Alumni may be interested to know that, in addition to hosting the West-Eastern Divan in January, Brown provided a venue some weeks later for a performance by Heartbeat, a band whose members are 17-to-22-year-old Israelis and Palestinians. (“Bringing Harmony to Discord,” Elms, March/April).
With a mission in many ways comparable to the Divan’s, Heartbeat’s musicians create and perform original rock and rap music. These talented young adults therefore engage in the process of learning to play together and also are empowered to raise their voices not just in song, but in grassroots leadership of the peace movements of their respective peoples. (Among Heartbeat’s musicians is “ambassador” Avi Salloway, whose parents both teach at the Warren Alpert Medical School.) Check out the organization and its music at heartbeat.fm.
May Heartbeat and the Divan go from strength to strength. And may we all live to see a Middle East that needs organizations like these, if only for the fabulous music they make.
Leslie Pollack ’74
Your musically clever title for this piece promises more than it delivers. I am interested in such programs, as I lived in Jerusalem for seventeen years while working on coexistence projects between Israeli Arabs and Jews. I am disturbed to find yet again that equivalence is absent and ignorance is in abundance.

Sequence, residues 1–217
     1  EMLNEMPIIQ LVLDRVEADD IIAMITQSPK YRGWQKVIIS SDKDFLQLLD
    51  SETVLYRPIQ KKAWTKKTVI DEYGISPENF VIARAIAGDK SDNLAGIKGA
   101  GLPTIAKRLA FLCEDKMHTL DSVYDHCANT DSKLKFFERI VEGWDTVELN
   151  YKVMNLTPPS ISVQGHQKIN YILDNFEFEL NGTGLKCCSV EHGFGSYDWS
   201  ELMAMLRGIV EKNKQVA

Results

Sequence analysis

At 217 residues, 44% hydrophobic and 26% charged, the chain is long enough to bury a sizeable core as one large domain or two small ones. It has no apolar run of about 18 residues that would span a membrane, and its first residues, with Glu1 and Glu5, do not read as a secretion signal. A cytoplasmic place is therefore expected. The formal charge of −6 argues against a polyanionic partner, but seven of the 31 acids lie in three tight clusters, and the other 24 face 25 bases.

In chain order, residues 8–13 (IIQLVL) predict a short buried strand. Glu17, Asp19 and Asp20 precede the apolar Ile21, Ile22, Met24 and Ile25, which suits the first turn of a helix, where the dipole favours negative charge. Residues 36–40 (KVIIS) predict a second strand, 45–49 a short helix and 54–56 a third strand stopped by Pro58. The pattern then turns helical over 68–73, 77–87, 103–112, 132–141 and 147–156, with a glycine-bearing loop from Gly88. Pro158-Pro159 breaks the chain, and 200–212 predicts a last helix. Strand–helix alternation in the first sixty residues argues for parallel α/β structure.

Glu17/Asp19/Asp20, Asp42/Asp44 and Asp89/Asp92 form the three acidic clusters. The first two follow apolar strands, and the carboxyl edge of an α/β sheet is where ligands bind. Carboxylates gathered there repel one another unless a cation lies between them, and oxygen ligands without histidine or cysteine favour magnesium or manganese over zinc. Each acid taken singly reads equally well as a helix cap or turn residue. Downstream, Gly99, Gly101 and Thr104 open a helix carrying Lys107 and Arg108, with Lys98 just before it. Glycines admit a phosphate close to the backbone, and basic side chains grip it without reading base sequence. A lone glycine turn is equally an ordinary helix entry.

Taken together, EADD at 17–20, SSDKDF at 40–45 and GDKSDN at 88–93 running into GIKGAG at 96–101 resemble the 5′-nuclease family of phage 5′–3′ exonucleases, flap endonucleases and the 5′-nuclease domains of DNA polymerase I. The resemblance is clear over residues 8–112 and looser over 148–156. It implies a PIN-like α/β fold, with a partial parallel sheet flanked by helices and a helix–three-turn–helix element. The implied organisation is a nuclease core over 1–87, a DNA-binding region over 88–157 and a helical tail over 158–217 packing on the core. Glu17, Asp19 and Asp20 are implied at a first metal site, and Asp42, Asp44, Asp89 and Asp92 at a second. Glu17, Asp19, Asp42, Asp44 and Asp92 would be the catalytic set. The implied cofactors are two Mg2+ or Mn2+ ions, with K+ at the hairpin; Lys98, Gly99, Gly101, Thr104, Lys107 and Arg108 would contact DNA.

Conductor Barenboim stated, “We [Divan] are an orchestra against ignorance.” His concert concluded with an event at the Cogut Center for the Humanities at which Miko Peled and Izzeldin Abuelaish were the speakers. One might be forgiven for thinking that presenting an Israeli and a Palestinian on the same podium is education extraordinaire, but when both points of view are similarly critical of Israel, even subliminally, then ignorance takes center stage.
In Jerusalem, I lived in an Arab-Jewish neighborhood. I had friends in both communities, yet my car was burned to the ground in an attack by some of our young Arab neighbors trying to prove their worth to the adults of the same persuasion. With the help of some of my friends, I organized a dialogue group in the neighborhood, and then was told it was unsafe for the Jewish neighbors to attend the meetings. I often cut through the Arab village on my way home, and once was stoned. I lived through intifadas, afraid like everyone else that my bus might be bombed, and wore a gas mask during the Gulf War.
Still I persisted, continuing my work with many people and groups all over the country. I have friends who are liberal and orthodox Muslims, Christians, Jews, Baha’is, Druzeim, Eastern Orthodox, and Armenian. Any religion can be openly practiced in Israel. My friends and acquaintances have all had different experiences, but for the most part they share similar dreams, and the dreams do not include wiping Israel off the map.
When I returned to the States, however, I found that the academic left had taken over the American campus, and it seems their only agenda is to excoriate the state of Israel. Obviously, they fear peace and harmony with their hearts and souls and thrive on discord.
Virginia Wyler-Saunders ’57